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Japanese yama: what to do?

n
nooodles May 31, 2005 07:23 PM

I've been given a large piece of Japanese yama. I only know of two things to do with it:

-grind in a mortar to make yamakake: a bowl of slimey yama mixed with raw tuna, soy sauce, and wasabi.
-cut it into slices as a side dish for sushi.

Does anyone have other simple uses for yama? I find it delicious, but a bit too slimey to eat alone. TIA

  1. p
    Professor Salt May 31, 2005 09:25 PM

    It's actually called yamaimo, ungainly translated as "mountain yam." If you google yamaimo you'll get lots of hits.

    In its grated form, it can be used as a "liquid" in batters, and finds its way into okonomiyaki batter, for example.

    3 Replies
    1. re: Professor Salt
      n
      nooodles May 31, 2005 09:27 PM

      Thanks for the correct name! This should make things easier.

      I once had a wonderful yamaimo ice cream in Taiwan. Does anyone have any idea how this is made?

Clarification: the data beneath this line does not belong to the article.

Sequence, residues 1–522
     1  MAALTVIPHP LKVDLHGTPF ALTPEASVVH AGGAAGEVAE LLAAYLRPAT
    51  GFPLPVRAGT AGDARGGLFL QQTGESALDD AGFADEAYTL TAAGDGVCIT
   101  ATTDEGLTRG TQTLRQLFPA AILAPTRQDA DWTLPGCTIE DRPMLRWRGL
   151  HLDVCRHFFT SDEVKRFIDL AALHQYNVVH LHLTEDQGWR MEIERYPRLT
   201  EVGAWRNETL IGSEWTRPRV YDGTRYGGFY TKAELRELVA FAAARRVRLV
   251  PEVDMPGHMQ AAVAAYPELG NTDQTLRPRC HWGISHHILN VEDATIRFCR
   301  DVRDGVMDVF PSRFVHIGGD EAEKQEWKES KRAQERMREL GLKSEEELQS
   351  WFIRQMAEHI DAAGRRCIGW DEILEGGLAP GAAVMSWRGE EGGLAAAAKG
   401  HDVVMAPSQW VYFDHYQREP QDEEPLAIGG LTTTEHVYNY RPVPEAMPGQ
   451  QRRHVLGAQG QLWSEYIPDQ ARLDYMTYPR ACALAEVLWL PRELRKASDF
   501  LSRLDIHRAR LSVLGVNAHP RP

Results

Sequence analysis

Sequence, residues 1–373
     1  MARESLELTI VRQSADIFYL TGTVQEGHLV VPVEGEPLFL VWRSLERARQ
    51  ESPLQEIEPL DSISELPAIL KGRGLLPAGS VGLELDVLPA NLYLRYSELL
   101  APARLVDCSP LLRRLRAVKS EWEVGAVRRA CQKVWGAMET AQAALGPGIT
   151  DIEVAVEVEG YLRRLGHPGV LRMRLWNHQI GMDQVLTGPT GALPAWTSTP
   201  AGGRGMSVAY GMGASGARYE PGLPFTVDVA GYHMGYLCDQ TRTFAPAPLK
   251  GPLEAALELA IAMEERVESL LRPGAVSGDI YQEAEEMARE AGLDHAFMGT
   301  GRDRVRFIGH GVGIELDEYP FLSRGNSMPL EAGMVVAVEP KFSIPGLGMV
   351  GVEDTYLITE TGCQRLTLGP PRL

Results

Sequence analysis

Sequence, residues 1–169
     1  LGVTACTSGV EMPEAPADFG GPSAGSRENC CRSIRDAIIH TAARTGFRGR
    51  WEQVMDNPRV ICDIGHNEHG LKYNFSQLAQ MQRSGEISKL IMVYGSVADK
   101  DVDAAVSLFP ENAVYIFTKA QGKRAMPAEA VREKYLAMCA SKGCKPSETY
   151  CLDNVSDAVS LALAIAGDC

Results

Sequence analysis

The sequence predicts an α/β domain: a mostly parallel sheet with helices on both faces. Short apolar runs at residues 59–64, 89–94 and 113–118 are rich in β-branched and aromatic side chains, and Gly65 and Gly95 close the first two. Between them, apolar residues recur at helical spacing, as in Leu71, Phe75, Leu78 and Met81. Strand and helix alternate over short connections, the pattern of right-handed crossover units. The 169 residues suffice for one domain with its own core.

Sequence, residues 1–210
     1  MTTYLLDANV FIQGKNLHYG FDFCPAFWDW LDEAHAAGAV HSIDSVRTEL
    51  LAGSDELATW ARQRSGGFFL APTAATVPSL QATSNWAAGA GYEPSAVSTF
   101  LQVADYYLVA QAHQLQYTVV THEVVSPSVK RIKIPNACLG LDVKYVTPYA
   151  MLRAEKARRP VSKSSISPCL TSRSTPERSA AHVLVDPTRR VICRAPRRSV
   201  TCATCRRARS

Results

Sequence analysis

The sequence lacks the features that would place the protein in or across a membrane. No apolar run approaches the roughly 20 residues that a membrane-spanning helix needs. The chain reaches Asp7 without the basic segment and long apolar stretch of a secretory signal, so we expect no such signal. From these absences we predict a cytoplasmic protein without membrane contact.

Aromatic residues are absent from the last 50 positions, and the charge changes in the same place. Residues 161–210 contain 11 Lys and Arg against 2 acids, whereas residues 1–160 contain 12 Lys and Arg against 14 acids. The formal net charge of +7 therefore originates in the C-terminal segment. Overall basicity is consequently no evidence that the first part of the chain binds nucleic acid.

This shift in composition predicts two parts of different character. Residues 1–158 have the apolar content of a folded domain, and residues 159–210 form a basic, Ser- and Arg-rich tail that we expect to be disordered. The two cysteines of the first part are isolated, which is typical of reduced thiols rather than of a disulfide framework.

1. re: nooodles
        m
        MikeG Jun 1, 2005 12:10 AM

        You should also add to your search terms: "yamanoimo" and/or "yama no imo."

      2. re: Professor Salt
        a
        adam Jun 1, 2005 12:25 AM

        I was actually going to suggest making okonomiyaki with your yamaimo. No sliminess.

      3. y
        Yukari Jun 1, 2005 06:52 PM

        I love to slice them, about a half inch thick, then saute in vegetable oil, then wrap with a slice of nori, and dip in soy sauce.

        Also good, but a bit of a challenge to work with, is to grate the yamaimo. Then saute in vegetable oil, like silver-dollar pancakes, and again, wrap with nori and dip in soy sauce.

        If you can find sushi-quality tuna, combine grated yamaimo with the tuna, top with nori and pour over rice.

        Itadakimasu!

        1. bigjeff Feb 10, 2009 10:03 PM

          this has been in season lately in flushing and my parents gave me two, I saw them for around $1.19 a pound in chinatown, probably you can get cheaper in flushing.

          anyway, peeled 'em, sliced em up in chunks (rotate and chop) and cooked them in a fake-hybrid-oden-red-cooked recipe where I added whole garlic cloves, shiitake mushrooms, soy sauce, water, bonito flakes and sugar. cooked for about 45 minutes and came out delicious! not a true recipe but, just figured those flavors work.

          1 Reply
          1. re: bigjeff
            f
            foodslut Feb 11, 2009 07:33 AM

            It's great grated and put on top of soba or udon. Search "neba neba" soba or udon.

          2. todao Feb 11, 2009 08:18 AM

            What's the difference between "Yema" and "Yama"?

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